I'm torn between scolding Microsoft or praising the Xbox team. On the one hand, who didn't see this coming? Kinect was never all that popular on the Xbox 360, and while the camera and voice recognition were much improved for the Xbox One iteration, it didn't take a genius to realize that it couldn't possibly justify a mandated pack-in that put it $100 above the PS4. The argument could very well be made that the company should have made a prompt about-face on Kinect in the same manner that it did with the always-online policy reversal. Instead, sales have been lagging the competition and Microsoft has had to play catch up with Sony. On the other hand, now that Microsoft has actually unbundled Kinect, I can praise them for at least not being so stubborn as to drag the Kinect on for the next year or more, ultimately hindering the progress of the Xbox business for a peripheral few developers ever truly cared about.
"Now that Kinect's been cut loose Xbox One will have the unrestricted wiggle room it needs to flex its own muscle"
As Steve rightly points out, this move now yields much greater parity among the two next-gen platforms, and that should make a huge difference to consumers and developers who should be able to use more of the Xbox One's graphical processing power. Let's face it, the Kinect was the ugly albatross hanging around Xbox One's neck, and now that it's been cut loose Xbox One will have the unrestricted wiggle room it needs to flex its own muscle. Although a proper technical analysis would be better left to technical minds like Rich Leadbetter at Gamer Network's Digital Foundry, my hope is that we'll see far fewer stories about frame rate or resolution discrepancies between PS4 and Xbox One going forward.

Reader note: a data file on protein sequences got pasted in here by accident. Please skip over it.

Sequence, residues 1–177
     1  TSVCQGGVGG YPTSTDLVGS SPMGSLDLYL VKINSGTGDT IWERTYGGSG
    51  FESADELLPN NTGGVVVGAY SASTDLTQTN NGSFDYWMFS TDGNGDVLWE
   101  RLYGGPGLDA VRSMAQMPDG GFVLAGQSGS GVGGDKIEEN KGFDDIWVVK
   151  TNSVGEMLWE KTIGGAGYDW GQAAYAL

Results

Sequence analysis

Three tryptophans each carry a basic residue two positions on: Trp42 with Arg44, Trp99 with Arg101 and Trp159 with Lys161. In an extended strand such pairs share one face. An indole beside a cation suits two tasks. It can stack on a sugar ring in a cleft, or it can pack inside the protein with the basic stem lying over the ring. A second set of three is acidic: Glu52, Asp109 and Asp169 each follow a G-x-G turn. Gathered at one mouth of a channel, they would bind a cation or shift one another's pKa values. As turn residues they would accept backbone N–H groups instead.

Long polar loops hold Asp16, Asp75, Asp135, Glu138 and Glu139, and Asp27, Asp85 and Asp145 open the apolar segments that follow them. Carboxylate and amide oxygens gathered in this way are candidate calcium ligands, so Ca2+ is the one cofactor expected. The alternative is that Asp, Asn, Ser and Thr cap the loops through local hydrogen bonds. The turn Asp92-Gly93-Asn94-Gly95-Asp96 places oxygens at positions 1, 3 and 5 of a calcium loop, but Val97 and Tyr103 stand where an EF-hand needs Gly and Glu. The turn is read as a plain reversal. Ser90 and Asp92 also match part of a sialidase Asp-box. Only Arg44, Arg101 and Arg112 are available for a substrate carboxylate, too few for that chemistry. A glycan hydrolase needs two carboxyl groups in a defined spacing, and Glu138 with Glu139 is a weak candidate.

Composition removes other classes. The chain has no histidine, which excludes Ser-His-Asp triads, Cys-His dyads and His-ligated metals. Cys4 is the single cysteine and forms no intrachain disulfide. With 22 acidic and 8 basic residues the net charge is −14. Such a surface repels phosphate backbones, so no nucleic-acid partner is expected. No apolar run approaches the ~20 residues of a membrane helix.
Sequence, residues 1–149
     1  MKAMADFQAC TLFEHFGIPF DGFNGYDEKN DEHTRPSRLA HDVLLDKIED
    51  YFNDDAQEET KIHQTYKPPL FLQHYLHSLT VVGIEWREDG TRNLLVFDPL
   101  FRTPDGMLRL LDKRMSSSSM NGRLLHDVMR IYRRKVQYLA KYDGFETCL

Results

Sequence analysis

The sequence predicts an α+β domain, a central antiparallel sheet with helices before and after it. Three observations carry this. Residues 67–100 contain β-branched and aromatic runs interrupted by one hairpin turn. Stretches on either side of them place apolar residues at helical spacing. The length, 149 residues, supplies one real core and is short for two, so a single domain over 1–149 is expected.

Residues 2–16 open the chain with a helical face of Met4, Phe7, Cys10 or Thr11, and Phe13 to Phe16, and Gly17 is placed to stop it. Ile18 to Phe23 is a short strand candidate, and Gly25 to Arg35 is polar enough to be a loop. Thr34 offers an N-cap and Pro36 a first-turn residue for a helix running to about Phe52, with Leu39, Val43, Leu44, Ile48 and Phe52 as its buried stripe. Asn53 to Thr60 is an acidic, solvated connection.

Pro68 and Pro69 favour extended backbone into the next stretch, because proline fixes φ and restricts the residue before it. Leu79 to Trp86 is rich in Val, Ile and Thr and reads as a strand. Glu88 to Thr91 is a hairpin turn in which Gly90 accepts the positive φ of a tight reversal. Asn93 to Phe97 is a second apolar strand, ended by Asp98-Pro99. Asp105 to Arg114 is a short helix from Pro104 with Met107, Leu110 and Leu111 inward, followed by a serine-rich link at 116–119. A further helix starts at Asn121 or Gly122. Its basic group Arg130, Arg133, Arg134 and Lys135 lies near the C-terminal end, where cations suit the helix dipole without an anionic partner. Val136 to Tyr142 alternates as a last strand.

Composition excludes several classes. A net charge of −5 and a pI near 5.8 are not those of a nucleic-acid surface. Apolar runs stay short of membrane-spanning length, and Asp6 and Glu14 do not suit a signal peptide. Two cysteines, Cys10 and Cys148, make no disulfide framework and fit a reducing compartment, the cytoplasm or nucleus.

So to answer the question of motion gaming's relevance, I don't think it's a fad on the scale of Guitar Hero, but the problem has always been that the software has felt too gimmicky (with a few exceptions) and core games could be better enjoyed with a familiar controller. I think things could actually swing back in Kinect's favor once VR gaming actually takes hold. Perhaps that's what Phil Spencer means when he refers to Microsoft's vision. If there's one thing I learned from my few Oculus Rift demos, it's that I intuitively wanted to reach out into the virtual world to grab or control things. That's when motion controls could actually feel natural, and ironically a controller suddenly feels out of place.
So it's no longer compulsory to have a government spy camera attached to your Xbox One - who could have seen that coming? The sad truth is everyone but Microsoft, and that's the real worry. It shows not only how badly they judged their audience, but suggests there's a creeping desperation on the part of sales executives. Kinect was supposed to be the big differentiator for Xbox One, Microsoft was firm that it was vital to the experience, but now they've relegated it to the peripherals pile along with all those plastic guitars and light guns to try and boost sales. At this point you feel as though Microsoft would smear the Xbox One with red lipstick and dress it in frilly knickers if they thought it would shift more units, so now is the time to start a petition for any other hardware changes you'd like to see. I'll be setting my petition for a crumpet toaster live any day now.
"So it's no longer compulsory to have a government spy camera attached to your Xbox One, who could have seen that coming?"